A-listers have a habit of thinking they are gifted at everything – and not always to other people’s benefit

I recently met a well-known actor at a party, and we talked, as one often does with successful actors, about his work. Eventually he asked me what I did, so I told him. “Journalist, eh? I’ve always thought I’d be rather good at that,” he replied. And maybe he would be because, let’s be honest, the kind of journalism I do is not brain surgery. But even if it were, he probably would have made a similar response: “Brain surgeon, huh? I fancy I’d be a dab hand at that.” I have great admiration for people who make sharp left turns in their career – an actor one day, a firebrand politician the next, like the mighty Glenda Jackson – rather than staying in the same job for ever, out of fear they can’t do anything else. But the only people who casually tell me they could do my job, or indeed any job, are celebrities.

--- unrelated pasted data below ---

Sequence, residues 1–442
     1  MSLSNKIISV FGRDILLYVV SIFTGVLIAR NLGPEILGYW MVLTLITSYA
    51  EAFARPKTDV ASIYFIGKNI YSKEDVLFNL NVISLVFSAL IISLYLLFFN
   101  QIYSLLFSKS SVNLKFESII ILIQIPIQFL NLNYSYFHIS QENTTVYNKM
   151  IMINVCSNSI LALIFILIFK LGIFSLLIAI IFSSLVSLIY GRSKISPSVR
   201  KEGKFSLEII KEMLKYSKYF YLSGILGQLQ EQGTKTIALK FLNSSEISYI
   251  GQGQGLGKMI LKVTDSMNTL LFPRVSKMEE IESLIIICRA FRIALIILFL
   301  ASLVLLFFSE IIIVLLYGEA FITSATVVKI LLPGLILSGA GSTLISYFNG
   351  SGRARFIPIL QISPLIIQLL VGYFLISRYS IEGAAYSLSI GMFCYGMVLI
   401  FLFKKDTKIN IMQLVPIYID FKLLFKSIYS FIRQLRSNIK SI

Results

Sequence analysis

Famous people have a habit of believing they are gifted at, well, everything, and not always to other people’s benefit, as anyone who ever found themselves in an Ibizan club on one of Paris Hilton’s DJ nights knows well. This is what happens when an enormous ego is inflated further by wealth and sycophants. Princess Margaret, in the misguided belief she was a gifted singer, famously once regaled obediently enthusiastic guests with Cole Porter tunes. Francis Bacon, drunk to the eyeballs, booed loudly, and the princess, astonished, ran off in humiliation. “Her singing really was too awful. Someone had to stop her,” Bacon later said.

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